Because sometimes you just need pasta -- and whole-wheat kinds offer two to three times more fiber than refined white varieties, but they're just as versatile and delicious. (Similarly, whole-wheat bread and brown rice are healthier choices than their "white" counterparts.) Try our healthier fettuccine Alfredo and more lightened-up pasta recipes for a healthy dinner tonight. To cook: Follow the package directions! More from EatingWell: 9 "Bad" Foods You Should Be Eating 6 More Reasons Your Body Needs Carbs Ditch These 4 Foods to Clean Up Your Diet Flickr photo by Kari Sullivan
Consider it souped-up couscous. A delicately flavored whole grain, it provides some fiber (two grams per half-cup) and a good amount of protein (four grams). Note: Research shows protein can help you feel full for longer. Rinsing quinoa removes any residue of saponin, its natural bitter protective coating. Try adding quinoa to your diet with our delicious Pear-Quinoa Salad and more healthy ideas for quinoa. To cook: Bring 2 cups water or broth to a boil; add 1 cup quinoa. Reduce heat to a simmer, cover and cook until the liquid has been absorbed, 15 to 20 minutes. Fluff with a fork. Flickr photo by Kim Woodbridge
Available "pearled" (the bran has been removed) or "quick-cooking" (parboiled). While both contain soluble fiber that helps keep blood cholesterol levels healthy, pearl barley has a little more. To cook: Pearl barley -- Bring 1 cup barley and 2.5 cups water or broth to a boil. Reduce heat to a simmer; cook, covered, until tender and most of the liquid has been absorbed, 40 to 50 minutes. Let stand five minutes. For quick-cooking barley -- Bring 1.75 cups water or broth to a boil; add 1 cup barley. Reduce heat to a simmer; cook, covered, until tender, 10 to 12 minutes. Flickr photo by frostnova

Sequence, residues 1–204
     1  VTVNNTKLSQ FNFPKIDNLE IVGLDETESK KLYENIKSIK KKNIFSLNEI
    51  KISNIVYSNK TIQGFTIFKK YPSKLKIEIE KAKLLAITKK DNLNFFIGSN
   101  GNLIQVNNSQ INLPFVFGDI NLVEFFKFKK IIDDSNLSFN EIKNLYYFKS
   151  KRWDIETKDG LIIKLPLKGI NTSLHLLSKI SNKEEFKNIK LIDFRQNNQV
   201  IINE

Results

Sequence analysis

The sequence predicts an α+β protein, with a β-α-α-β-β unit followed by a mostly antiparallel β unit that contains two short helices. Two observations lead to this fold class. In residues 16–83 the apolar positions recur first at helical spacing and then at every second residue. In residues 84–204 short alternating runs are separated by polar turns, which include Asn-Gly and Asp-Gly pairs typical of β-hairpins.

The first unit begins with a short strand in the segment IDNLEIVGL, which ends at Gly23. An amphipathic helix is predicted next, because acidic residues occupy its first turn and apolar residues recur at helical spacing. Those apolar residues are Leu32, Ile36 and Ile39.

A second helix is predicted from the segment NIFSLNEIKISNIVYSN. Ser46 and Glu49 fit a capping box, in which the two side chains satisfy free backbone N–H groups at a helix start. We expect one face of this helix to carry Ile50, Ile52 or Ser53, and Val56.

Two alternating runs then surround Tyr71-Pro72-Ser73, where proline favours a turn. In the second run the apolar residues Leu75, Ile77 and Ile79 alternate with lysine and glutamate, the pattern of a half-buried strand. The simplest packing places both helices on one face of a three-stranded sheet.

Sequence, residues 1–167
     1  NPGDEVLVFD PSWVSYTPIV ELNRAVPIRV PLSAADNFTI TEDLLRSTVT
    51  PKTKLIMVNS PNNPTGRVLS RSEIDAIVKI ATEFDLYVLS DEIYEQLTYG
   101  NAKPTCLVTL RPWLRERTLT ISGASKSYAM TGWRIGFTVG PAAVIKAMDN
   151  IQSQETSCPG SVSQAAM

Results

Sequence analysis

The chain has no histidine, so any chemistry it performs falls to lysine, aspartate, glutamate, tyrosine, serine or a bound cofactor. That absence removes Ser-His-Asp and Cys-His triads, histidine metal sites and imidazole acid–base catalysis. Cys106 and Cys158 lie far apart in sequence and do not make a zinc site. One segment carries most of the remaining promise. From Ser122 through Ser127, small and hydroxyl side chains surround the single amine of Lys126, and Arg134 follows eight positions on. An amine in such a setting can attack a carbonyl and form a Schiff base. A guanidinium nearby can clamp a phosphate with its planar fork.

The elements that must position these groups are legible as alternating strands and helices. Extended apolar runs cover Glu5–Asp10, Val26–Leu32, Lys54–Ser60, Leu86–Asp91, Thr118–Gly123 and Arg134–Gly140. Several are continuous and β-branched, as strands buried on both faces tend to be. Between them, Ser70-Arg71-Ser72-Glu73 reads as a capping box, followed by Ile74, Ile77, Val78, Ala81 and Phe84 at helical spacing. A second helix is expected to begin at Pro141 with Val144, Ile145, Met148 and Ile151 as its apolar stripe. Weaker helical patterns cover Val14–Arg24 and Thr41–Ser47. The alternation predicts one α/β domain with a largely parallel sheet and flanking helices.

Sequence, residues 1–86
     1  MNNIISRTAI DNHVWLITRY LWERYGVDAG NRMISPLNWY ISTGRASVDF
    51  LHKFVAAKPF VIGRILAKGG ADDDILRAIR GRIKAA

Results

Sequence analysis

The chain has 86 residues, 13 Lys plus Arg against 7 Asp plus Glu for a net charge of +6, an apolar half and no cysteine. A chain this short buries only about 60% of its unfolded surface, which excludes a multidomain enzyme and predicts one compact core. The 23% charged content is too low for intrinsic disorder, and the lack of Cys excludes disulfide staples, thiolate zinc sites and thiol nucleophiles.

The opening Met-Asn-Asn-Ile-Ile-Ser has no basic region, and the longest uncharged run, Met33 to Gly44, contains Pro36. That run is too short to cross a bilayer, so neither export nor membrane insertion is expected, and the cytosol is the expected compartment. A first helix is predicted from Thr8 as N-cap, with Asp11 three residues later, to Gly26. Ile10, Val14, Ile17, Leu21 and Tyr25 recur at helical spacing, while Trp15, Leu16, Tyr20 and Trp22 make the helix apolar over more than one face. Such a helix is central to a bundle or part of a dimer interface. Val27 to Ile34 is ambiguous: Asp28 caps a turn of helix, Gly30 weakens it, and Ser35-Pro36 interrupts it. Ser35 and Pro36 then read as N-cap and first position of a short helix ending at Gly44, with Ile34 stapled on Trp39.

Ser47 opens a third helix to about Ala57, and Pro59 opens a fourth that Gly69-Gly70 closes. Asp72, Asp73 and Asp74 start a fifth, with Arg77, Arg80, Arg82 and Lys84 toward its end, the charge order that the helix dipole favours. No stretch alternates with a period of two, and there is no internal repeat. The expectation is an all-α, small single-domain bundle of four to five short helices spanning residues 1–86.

Cracked wheat that's been parboiled so it simply needs to soak in hot water for most uses -- a perfect low-maintenance grain. It's also a good source of feel-full fiber: just half a cup delivers five grams. To cook: Pour 1.5 cups boiling water or broth over 1 cup bulgur. Let stand, covered, until light and fluffy, about 30 minutes. If all the water is not absorbed, let the bulgur stand longer or press it in a strainer to remove excess liquid. Flickr photo by Rooey202
These are the whole, unprocessed kernels of wheat. They're terrific sources of B vitamins, iron, magnesium, zinc and yes, fiber. To cook: Sort through wheat berries carefully, discarding any stones, and rinse with water. Bring 4 cups water or broth and 1 cup wheat berries to a boil. Reduce heat to a simmer, cover and cook, stirring occasionally, until tender, but still a little chewy, about one hour. Drain. Flickr photo by Rooey202
Because when you're craving pretzels or potato chips... You're certainly not going to reach for a bowl of oatmeal. Popcorn satisfies a snack craving and it's a whole grain. No, I'm not kidding: Three cups of popped popcorn (what you get by popping one heaping tablespoon of kernels) equals one of your three recommended daily servings of whole grains and contains three grams of fiber. To cook: Toss a heaping tablespoon into an air popper. More from EatingWell: 9 "Bad" Foods You Should Be Eating 6 More Reasons Your Body Needs Carbs Ditch These 4 Foods to Clean Up Your Diet Flickr photo by Lisa Clarke